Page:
This year, students can be a part of the seven environmental organizations on campus: UTMSU Ministry of the Environment, the Environmental Affairs Office’s Green Team, Campus Roots, the Urban Agriculture Society, the UTM Cycling Club, Bikeshare, the Student Association for Geography and Environment Students, and the Green Party Club.
Each group caters to different interests, but they are all united in their effort to reduce the negative environmental impact of UTM students, and to make the campus more sustainable. Through the newly formed UTM Environmental Alliance, all of these groups will meet often to collaborate, share resources, and work together.
“You have to start branching out and doing extracurricular activities in university. If you don’t, you aren’t competitive and you don’t learn outside the classroom,” said Aubrey Iwaniw, the Environmental Project Coordinator at UTM, which offers work-study positions for the Green Team. Often, students email Iwaniw asking to get involved or volunteer, but she says that students should also take initiative as leaders, and that they will get support if they do.
Students are often unaware of the opportunities to make a difference on campus.
Lucia Hlasna, a third-year specialist in Environmental Management, learned about campus groups by talking to her friends. “A lot of my friends ended up being involved, and that’s how I found out about different programs and got involved as well,” she said. “The best way for me to get started was getting involved in stewardship [events] around campus, planting trees—really getting out there and getting my hands dirty.”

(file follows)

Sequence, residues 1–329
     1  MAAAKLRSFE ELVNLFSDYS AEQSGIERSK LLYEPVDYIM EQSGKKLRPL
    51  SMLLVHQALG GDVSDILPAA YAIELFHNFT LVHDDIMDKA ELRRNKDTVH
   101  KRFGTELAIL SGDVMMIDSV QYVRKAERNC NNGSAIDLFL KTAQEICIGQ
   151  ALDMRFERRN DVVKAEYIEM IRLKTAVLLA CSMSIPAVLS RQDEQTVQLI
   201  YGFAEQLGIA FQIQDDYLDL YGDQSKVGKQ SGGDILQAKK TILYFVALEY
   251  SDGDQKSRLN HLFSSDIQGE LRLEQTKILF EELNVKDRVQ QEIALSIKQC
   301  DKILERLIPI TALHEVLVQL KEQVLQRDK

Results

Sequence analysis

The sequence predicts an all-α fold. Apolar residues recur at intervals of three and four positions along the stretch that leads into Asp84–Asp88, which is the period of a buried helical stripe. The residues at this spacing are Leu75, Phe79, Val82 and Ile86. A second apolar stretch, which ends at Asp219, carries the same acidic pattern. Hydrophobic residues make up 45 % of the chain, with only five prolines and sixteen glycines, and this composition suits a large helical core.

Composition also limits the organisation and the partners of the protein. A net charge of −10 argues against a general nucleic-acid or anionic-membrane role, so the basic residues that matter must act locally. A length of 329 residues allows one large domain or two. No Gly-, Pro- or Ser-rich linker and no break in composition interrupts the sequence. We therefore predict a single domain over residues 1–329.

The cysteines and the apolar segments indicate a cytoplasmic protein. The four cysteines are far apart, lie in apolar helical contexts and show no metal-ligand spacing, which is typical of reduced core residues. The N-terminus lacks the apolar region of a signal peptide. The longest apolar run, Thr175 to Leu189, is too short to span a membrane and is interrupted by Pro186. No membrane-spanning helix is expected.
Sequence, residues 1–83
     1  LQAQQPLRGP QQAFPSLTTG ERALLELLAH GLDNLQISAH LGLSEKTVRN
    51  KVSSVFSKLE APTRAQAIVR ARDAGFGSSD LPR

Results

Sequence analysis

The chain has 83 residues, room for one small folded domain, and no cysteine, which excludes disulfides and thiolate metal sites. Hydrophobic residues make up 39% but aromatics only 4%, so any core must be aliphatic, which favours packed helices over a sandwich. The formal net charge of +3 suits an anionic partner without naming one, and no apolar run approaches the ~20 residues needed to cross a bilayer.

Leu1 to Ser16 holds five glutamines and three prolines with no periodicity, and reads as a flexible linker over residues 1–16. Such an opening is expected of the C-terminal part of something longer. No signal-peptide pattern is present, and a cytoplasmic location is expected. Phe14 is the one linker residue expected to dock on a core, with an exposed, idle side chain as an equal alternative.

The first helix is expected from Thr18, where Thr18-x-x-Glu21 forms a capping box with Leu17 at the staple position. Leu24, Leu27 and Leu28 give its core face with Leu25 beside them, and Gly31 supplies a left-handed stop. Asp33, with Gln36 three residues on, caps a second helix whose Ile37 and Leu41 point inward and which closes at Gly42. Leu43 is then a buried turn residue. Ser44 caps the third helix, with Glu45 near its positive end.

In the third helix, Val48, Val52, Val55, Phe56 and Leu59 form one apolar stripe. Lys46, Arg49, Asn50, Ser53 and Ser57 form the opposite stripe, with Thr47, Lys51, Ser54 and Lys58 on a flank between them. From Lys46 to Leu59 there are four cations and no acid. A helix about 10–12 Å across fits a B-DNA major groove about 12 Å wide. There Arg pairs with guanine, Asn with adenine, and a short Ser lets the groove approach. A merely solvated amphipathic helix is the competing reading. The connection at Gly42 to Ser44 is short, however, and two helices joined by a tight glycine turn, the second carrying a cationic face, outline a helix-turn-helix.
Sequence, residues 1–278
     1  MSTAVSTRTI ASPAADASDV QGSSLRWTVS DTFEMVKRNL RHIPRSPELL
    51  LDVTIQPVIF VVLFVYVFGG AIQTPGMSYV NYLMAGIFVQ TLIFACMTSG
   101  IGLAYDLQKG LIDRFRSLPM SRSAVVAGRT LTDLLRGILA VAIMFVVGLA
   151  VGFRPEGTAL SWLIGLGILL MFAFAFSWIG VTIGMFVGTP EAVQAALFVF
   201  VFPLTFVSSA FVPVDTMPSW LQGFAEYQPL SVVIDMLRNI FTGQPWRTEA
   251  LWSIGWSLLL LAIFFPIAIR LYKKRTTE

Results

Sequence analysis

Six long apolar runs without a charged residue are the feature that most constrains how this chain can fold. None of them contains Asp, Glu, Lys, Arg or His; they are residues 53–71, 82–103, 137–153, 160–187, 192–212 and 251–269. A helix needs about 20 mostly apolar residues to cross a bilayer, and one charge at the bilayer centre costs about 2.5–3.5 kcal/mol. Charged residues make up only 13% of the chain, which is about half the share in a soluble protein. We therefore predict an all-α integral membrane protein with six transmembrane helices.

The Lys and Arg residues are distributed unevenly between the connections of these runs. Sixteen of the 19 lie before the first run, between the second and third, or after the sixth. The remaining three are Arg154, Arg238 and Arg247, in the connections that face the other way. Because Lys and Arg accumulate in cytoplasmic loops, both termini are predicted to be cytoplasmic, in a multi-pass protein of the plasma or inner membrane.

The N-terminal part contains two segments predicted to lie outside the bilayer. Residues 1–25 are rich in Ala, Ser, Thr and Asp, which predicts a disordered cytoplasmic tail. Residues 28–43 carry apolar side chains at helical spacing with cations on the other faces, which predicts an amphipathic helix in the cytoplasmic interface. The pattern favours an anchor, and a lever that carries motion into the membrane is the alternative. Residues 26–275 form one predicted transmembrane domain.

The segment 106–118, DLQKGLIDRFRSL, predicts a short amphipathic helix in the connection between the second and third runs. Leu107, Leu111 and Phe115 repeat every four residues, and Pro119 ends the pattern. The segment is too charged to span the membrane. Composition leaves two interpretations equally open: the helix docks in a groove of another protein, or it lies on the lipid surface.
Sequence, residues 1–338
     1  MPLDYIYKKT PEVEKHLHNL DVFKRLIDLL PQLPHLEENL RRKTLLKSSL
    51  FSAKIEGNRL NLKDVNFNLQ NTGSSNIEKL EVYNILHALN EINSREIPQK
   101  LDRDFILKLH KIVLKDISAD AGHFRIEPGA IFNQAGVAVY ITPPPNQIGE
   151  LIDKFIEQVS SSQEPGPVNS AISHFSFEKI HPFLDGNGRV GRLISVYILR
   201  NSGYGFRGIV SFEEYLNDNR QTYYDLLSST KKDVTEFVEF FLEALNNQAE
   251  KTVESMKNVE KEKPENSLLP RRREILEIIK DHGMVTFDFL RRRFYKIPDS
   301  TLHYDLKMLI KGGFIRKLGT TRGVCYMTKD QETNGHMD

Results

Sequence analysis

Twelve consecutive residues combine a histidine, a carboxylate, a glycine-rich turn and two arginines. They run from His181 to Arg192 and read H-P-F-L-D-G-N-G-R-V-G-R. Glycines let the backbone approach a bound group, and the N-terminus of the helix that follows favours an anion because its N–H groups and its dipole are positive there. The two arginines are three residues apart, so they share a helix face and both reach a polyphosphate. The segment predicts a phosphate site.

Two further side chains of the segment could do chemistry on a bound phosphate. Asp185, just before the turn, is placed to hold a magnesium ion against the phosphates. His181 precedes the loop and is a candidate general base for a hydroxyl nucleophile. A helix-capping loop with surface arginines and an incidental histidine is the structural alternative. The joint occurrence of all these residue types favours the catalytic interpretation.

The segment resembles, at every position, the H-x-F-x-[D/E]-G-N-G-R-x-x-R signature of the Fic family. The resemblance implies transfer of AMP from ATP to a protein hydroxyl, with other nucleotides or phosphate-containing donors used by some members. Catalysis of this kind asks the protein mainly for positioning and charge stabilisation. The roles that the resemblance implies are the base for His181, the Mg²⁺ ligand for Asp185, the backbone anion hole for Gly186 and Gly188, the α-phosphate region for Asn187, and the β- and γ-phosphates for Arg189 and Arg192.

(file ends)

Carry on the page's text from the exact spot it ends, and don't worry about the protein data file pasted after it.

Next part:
The benefits of getting involved with these organizations include “meeting like-minded individuals, making great friends, and having an outlet for your environmental frustrations”, said Iwaniw. There are academic incentives as well. The Student Association for Geography and Environment Students offers a Professional Advancement for Geography and Environment Students (PAGES) program this year, which allows students to get certified based on their involvement in various events and workshops.
Getting started is easy with the festivities of Environment Week, which will be running all week (October 4 to 8). “I am super excited to showcase the awesome work our ministry and campus groups have been doing. This just shows that anyone can get involved and pitch in to make our campus more sustainable,” said Grayce Yuen, vice-president of University Affairs and Academics at UTMSU.
Highlights of Environment Week include a farmer’s market outside the Student Centre on Monday, a Green Opportunities Fair on Tuesday, a green art workshop on Wednesday, bike tours beginning at noon on Wednesday and Thursday, and environmental videos in the Student Centre’s Presentation Room all day Friday.
To see a full schedule of events, students are asked to visit.utmsu.ca.